July 23, 2009

the arrogance of spirit

I was recently asked to list my favourite records of the year-so-far. After some thought I scribbled down ten of them, in no particular order:

Veckatimest by Grizzly Bear
Bitte Orca by The Dirty Projectors
Here We Go Magic by Here We Go Magic
Heavy Ghost by DM Stith
The Crying Light by Antony and the Johnsons
Dragonslayer by Sunset Rubdown
Heart to Elk by Point Juncture, WA
Actor by St. Vincent
Jewellery by Micachu and the Shapes
I Can Wonder What You Did With Your Day by Julie Doiron

+ + +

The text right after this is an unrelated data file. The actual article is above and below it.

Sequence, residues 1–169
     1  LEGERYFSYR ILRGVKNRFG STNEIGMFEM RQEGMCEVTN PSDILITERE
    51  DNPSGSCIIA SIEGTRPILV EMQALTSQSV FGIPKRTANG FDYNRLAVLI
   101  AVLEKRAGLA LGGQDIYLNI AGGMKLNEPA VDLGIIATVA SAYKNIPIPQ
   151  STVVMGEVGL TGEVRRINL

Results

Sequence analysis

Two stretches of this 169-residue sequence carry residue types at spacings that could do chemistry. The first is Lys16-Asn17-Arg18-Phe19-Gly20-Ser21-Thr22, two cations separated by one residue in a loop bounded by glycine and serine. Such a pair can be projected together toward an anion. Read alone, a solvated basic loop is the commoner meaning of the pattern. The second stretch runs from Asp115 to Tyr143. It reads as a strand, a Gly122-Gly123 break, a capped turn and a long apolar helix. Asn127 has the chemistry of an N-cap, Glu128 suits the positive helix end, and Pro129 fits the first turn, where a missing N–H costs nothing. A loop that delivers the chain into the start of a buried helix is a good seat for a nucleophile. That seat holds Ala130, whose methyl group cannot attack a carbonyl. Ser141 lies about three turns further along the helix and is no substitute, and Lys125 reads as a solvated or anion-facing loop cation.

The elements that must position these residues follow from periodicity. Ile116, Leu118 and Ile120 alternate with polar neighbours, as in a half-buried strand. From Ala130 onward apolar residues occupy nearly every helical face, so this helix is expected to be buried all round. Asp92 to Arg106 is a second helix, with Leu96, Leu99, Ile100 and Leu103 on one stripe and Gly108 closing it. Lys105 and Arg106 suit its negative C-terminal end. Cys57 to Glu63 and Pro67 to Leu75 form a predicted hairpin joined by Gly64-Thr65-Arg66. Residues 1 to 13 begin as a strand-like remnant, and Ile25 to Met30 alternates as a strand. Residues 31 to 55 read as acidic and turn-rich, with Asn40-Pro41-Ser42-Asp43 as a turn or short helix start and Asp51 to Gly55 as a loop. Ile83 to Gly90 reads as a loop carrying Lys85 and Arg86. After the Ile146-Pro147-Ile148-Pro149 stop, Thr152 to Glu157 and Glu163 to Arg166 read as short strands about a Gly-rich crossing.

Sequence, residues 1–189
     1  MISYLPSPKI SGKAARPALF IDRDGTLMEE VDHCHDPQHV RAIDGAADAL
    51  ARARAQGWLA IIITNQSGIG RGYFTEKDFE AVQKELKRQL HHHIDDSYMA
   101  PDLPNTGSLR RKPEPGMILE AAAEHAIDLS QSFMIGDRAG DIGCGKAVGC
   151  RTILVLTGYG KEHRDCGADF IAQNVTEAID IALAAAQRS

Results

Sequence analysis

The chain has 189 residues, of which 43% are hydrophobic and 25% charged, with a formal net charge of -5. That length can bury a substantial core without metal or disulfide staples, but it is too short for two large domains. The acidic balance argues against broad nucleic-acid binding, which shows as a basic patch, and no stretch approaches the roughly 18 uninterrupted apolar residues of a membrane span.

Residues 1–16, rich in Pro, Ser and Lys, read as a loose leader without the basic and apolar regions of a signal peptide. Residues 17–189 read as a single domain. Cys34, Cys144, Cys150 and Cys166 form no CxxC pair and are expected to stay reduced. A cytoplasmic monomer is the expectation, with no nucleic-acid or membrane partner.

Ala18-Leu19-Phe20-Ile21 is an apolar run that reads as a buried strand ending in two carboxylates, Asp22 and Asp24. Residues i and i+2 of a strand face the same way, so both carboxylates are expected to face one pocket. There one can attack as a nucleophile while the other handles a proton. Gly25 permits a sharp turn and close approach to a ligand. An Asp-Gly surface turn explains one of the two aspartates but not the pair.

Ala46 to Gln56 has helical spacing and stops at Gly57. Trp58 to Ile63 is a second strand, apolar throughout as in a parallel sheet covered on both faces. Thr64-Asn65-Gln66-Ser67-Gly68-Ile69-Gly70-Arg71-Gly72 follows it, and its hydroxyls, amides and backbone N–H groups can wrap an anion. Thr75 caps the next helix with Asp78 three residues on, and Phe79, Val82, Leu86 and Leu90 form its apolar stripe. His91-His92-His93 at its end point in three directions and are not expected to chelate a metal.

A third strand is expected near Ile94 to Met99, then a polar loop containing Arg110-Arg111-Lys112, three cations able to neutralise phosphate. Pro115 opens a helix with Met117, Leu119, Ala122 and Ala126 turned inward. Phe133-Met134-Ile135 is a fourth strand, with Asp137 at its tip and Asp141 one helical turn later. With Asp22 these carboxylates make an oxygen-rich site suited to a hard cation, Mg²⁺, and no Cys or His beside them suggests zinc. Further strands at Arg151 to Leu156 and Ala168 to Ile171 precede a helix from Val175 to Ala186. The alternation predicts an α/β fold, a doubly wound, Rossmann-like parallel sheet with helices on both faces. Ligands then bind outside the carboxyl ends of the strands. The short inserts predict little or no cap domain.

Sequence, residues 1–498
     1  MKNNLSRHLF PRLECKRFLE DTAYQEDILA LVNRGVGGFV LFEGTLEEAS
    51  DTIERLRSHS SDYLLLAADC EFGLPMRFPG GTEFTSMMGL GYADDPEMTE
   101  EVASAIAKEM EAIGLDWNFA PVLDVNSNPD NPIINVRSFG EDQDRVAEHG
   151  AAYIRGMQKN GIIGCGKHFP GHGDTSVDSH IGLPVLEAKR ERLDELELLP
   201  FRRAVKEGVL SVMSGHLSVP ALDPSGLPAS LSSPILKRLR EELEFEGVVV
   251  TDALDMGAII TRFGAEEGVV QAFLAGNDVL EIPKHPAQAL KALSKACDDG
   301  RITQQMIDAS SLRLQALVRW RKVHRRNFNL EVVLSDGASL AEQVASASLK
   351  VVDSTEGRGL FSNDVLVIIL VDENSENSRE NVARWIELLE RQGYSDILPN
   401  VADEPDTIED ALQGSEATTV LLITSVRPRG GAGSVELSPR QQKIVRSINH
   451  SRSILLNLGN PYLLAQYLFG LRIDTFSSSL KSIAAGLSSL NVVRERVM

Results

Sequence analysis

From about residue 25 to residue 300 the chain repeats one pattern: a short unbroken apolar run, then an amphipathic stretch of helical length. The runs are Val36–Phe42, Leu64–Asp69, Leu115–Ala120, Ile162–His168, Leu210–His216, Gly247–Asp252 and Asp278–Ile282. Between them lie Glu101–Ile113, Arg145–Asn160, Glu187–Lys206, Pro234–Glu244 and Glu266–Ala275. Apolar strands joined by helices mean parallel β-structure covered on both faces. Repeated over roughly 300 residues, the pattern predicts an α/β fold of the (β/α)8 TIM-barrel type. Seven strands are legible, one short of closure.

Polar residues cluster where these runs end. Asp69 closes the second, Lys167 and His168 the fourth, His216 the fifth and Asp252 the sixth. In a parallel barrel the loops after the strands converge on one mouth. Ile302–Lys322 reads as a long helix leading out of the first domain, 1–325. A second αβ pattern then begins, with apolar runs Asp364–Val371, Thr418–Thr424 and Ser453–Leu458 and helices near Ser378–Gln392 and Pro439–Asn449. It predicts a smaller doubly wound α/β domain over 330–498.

On the academic front, just finished reading Umberto Eco's metaphysical detective novel, The Name of the Rose, which was first published in the early 1980s and indirectly responds to critical debates in the field of semiotics. I'm writing a paper for my course in medieval literature that compares Eco's use of detective genre conventions with Geoffrey Chaucer's Wife of Bath, whose prologue develops a sustained critique of the practice of "glossing" (an technique employed by clerks to guide interpretation by filling a book's margins with commentary, often offering a directive explanation of authorial intention) in medieval manuscripts. In both texts, the mutually constitutive roles of reader and text are embodied (by the detective and the trail he follows in Eco's novel and by the clerk and the Wife of Bath in Chaucer's text) and shown to be contingent--their relationship comes from what Eco's detective, William of Baskerville calls an "arrogance of spirit." In this way both texts question the basis of textual authority. As you can probably tell, I had some fun writing this paper. Writing about detective fiction isn't new to me. It's a great way to enter into a discussion over narrative and how meanings are constructed, especially when one is open to a specifically theological horizon. Two years ago, I took a course on the portrayal of detectives in fiction and film where we read stories by Poe, Doyle, Chesterton, Christie, Sayers, and what has become one of my favourite books, Paul Auster's New York Trilogy. Films were also a large componant of class and I'll have to revisit Jean-Jacques Annaud's 1986 adaptation of The Name of the Rose.

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